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CALL TO ARMS

A novel by Diane Carey (1998, Pocket Books)
The Dominion War, Book 2

Deep Space Nine is abandoned to the Dominion, and Sisko takes his crew on a secret mission into Cardassian space, while Kira and Odo adjust to Dominion rule.

 

 

4 stars

Read March 21st to 24th, 2000  
   

This was the novelization of about four episodes of the opening arc for season 6 of DS9.  In A Call to Arms, the station was abandoned, and you could feel the reluctance of the command crew to leave.  It was a smart move to start the book with the closing battle from season 5.  The energy it imparts to the rest of the novelization barely rests. 

In A Time to Stand, the war was going badly for the Federation, as standard fighting techniques failed time after time.  We are let in on the secret that the Dominion has set up a huge sensor array on several asteroids, which has been tracking the movements of Federation ships.  Martok the Klingon discovers this, and Sisko lets it filter to the high command.  We get to see behind the scenes, where Sisko maneuvers himself into the decision-making hierarchy, while still retaining his use of the Defiant.  One of those missions takes him to destroy a facility for manufacturing Ketracel White, the substance the Jem Hadar need to survive.  They are successful, but heavily damaged, in their captured Jem Hadar warship.  The scene where they get damaged is fairly weak, as the author tries to capture every detail, and couldn't do it.

In Rocks and Shoals, the best episode of the opening arc, except maybe for "Behind the Lines", Sisko and his crew are stranded on an uncharted world, and they know a Jem Hadar warship crashed behind them. 

Sisko must deal with Jem Hadar who are starving for their Ketracel White, making them less prone to obey commands, while their Vorta is dying.  Bashir is able to save him, and he reveals that he has a power source, but no transmitter.  Of course, O'Brien has a transmitter, but no power source.  The Vorta issues the Jem Hadar orders that everybody knows will get them killed, but that is the order of things, so they do it, even though Sisko gives them every chance to surrender.  The Vorta then walks into their camp and surrenders.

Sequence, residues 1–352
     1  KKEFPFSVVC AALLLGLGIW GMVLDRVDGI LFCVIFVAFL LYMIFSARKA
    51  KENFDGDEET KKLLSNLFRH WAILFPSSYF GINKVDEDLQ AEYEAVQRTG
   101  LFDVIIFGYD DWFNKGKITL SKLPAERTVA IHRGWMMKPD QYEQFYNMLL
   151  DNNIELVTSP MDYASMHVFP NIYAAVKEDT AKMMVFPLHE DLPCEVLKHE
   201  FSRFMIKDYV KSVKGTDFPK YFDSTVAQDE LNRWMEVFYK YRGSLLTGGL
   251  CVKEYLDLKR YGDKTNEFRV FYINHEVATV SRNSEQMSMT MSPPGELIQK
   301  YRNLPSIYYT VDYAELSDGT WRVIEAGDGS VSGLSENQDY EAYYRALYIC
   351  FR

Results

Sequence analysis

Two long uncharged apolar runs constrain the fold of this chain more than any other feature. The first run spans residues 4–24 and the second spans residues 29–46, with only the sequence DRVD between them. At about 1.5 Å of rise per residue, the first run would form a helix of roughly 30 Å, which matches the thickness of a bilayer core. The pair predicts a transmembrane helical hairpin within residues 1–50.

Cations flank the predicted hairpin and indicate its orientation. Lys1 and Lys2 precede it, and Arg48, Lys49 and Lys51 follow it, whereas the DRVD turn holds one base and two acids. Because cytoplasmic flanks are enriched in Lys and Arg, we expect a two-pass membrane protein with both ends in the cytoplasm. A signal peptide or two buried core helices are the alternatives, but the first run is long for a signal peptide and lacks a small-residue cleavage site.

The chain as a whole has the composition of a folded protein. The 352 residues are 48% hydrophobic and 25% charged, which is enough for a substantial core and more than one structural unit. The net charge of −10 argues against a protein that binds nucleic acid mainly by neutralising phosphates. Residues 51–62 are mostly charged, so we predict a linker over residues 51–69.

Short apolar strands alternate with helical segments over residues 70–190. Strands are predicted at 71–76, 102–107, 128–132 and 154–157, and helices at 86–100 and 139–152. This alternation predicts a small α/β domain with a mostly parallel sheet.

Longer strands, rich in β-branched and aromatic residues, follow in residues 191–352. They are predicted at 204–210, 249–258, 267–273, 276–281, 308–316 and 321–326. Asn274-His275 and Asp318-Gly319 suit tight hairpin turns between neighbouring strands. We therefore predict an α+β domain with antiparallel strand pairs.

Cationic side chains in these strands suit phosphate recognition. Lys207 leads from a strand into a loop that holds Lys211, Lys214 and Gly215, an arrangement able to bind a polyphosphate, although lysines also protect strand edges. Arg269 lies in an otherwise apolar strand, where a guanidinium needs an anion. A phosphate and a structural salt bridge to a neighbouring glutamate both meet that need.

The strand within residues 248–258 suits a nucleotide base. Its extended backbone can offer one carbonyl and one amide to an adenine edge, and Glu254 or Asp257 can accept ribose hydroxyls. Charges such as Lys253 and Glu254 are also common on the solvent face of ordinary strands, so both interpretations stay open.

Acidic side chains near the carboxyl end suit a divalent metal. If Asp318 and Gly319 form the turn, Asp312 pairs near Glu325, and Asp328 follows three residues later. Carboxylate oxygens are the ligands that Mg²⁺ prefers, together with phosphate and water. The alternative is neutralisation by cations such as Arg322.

That episode followed the TV series almost exactly.  There was no real improvisation, and I could remember the words spoken exactly as I read them in a lot of cases.  I suddenly want to watch this arc of episodes again! 

In Sons and Daughters, from which I don't remember much of the episode, Dukat brings his daughter Ziyal to the station, and tries unsuccessfully to woo Kira.  This is the minor part of the plot, but it gets Kira very confused for a while.  It is even better than I remember it.  Odo gets to be part of the Station ruling council, with Dukat and Weyoun, and he feels conflicted, as well, realizing that he has legitimized the Dominion rule of the station by doing that. 

The weakest part of the episode becomes one of the strongest parts of the book.  That is, the coming of Worf's son, Alexander, to Martok's ship, where Worf is first officer.  Of course, father and son don't get along, and one only antagonizes the other. 

Martok is put to the best use here, after he has rescued Sisko and crew from the uncharted planet.  Martok watches everything that we saw on his monitors, and we get to see his reactions, as a person who knows how people act and react.  The way he anticipates Alexander's blunder in the mess hall, which starts a brawl, and Worf's actions, which leave him angered and embarrassed is really a treat.  He was able to convey a sense of eagerness, disappointment, and maturity to the story, which degenerated into shouting matches in the episode.  I loved it.

I found the parts where Sisko was maneuvering to become more powerful to be weak, and I don't really know why they were included.  The parts with the other Intelligence officer, Charlie, were also a little overplayed, with speeches that were quite long-winded.

On the other hand, I loved Martok, as I mentioned.  Kira and Odo also worked well, though these were not really their stories.  Theirs comes up in the next DS9 part of this series. 

Overall, the book added a little depth to the first part of the opening arc, giving characters thoughts and feelings, which may not have been apparent on screen.  It also gave information that we were left to speculate about in the series.  I can't wait for the next DS9 section.

 
   

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